Yes, every President is related, except one, and it is not who most people guess.
How the Work of a 12-Year-Old Girl Uncovered a Historical Oddity
It started with an American 12-year-old girl’s desire to trace her own heritage back to France. Along the way, she discovered that every single US President (except Martin Van Buren) are relatively closely related to just one man.
Meet BridgeAnne d’Avignon a gifted seventh grade student at Monte Vista School in Watsonville California. Prior to her work, genealogists only marginally associated about 19 US presidents as “distantly” related. She has created an amazing poster available at her website: http://weareallrelated.com/.
Her work started when she was just 10 years old when she discovered her Grandfather’s genealogy software and challenged herself with a simple question: “How many US Presidents are related?” The answer was an astounding coincidence.
Academic genealogists were more than shocked to discover that this association was in the historical record and overlooked by thousands of researchers. One of the secrets to BridgeAnne’s work was to trace the genealogy of both parents. She was not sure where the journey would lead her to, but pushed on for over two years of research.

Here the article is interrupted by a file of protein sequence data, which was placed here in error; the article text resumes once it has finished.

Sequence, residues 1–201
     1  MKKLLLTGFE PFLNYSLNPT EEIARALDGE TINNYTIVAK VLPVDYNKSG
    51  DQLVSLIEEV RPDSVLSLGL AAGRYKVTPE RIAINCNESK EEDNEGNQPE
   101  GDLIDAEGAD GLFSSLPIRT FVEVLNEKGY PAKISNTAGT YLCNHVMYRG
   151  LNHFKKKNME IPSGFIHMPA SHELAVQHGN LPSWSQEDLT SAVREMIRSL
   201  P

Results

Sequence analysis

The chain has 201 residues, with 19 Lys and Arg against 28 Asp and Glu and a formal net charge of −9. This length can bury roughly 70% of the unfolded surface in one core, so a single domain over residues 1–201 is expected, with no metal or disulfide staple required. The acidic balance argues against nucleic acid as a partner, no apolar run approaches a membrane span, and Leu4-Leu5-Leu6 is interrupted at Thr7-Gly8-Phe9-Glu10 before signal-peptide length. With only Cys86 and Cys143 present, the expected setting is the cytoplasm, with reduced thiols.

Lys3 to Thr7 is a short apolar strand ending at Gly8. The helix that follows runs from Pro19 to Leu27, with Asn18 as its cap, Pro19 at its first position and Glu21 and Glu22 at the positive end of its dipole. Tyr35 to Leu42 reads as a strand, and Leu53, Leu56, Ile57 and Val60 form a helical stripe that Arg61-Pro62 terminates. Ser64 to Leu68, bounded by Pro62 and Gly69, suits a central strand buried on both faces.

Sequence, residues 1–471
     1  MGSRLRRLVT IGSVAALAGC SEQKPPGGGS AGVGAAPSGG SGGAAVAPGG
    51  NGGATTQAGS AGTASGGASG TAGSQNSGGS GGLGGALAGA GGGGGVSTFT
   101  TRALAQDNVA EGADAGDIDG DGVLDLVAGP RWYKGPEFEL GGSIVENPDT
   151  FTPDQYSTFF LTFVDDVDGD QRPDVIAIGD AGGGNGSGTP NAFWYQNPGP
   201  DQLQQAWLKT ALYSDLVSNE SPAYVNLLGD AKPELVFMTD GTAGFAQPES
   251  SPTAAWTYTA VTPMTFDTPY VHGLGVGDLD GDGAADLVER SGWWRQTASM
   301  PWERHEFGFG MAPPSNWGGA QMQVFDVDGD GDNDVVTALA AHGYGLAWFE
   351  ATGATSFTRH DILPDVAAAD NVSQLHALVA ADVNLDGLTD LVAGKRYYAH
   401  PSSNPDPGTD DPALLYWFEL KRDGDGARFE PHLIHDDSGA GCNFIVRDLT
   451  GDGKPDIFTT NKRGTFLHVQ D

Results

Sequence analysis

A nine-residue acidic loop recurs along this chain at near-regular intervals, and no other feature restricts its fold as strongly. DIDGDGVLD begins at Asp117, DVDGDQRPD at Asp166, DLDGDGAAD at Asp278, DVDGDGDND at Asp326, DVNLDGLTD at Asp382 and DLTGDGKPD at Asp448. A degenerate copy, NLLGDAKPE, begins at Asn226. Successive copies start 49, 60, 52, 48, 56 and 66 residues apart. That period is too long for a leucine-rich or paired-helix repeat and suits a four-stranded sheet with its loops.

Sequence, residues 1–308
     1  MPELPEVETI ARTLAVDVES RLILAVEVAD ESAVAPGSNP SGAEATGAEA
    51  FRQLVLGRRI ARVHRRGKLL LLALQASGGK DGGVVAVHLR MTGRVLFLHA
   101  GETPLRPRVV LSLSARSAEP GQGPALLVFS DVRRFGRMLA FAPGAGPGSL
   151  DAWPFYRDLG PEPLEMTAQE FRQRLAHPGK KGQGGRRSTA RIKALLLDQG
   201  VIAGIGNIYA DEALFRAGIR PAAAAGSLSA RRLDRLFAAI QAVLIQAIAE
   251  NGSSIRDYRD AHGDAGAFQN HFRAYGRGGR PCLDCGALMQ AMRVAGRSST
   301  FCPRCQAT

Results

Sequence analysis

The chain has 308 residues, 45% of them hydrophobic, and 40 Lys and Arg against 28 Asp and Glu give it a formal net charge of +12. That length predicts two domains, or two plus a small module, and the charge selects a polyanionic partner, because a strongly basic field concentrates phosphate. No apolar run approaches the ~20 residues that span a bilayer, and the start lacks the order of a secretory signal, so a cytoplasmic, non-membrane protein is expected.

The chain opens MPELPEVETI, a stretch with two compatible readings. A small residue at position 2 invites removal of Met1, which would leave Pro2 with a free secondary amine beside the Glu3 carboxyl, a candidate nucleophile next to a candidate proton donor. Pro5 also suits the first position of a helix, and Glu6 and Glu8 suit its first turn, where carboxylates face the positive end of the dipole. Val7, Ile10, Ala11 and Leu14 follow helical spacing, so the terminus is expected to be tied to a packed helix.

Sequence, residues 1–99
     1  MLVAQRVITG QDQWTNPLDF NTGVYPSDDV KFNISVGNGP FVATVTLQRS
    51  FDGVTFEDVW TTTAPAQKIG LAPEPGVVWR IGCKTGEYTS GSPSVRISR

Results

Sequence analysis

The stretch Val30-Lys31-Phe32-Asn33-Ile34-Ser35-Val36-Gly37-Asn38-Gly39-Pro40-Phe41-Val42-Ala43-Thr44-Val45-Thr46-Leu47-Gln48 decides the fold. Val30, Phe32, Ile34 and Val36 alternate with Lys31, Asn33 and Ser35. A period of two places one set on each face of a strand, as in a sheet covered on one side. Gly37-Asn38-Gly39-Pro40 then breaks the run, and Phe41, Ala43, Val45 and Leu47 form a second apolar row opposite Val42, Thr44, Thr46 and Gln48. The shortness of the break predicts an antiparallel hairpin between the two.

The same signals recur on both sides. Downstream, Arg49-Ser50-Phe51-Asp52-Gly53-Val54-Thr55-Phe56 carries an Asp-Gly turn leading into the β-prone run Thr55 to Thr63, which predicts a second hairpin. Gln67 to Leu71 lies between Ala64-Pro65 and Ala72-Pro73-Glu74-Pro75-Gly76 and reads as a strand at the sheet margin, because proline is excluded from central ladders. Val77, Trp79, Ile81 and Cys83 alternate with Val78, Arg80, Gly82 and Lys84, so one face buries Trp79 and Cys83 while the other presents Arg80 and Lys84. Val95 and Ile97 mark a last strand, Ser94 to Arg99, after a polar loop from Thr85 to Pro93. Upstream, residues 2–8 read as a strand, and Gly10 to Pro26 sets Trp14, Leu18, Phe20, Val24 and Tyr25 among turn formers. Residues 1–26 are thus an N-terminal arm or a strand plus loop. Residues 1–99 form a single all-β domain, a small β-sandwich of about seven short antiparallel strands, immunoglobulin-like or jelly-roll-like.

Every US President Is Part of One Bloodline
The distant grandfather to all US presidents (except Van Buren) is King John “Lackland” Plantagenet. The very same King John that was the antagonist to the Robin Hood story.
Not Part of Robin Hood’s Family
Born in December 24, 1166, King John has indirectly supplied all US presidents (again, except Van Buren). King John signed the Magna Carta in 1215, however, he never complied with its conditions and was known for his pettiness, spitefulness, and cruelty that helped give rise to the Robin Hood legends.
Beyond the work of now expert genealogy researcher BridgeAnne, dig just a little deeper and we find that Emperor Charlemagne is the root of just about all the leaders in Europe and the Middle East.
Data Is Useless Without Wisdom
The age of the Internet yields a great deal of information democratically to everyone connected. Data is useless without insights. Clearly we are awash with endless data and profoundly less empirical insights. It takes the work of great researchers, doing amazing work drawing perhaps unexpected insights to make sense of data.
This is the basis of wisdom and sometimes wisdom comes from unexpected places and can be found in a 12-year-old girl.